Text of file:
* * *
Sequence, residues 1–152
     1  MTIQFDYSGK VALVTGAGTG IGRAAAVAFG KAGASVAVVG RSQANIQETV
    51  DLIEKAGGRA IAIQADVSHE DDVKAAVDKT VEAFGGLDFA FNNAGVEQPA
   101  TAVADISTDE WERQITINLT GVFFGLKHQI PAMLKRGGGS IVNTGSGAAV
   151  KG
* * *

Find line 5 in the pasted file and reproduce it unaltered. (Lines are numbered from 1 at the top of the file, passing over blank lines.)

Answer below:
   151  KG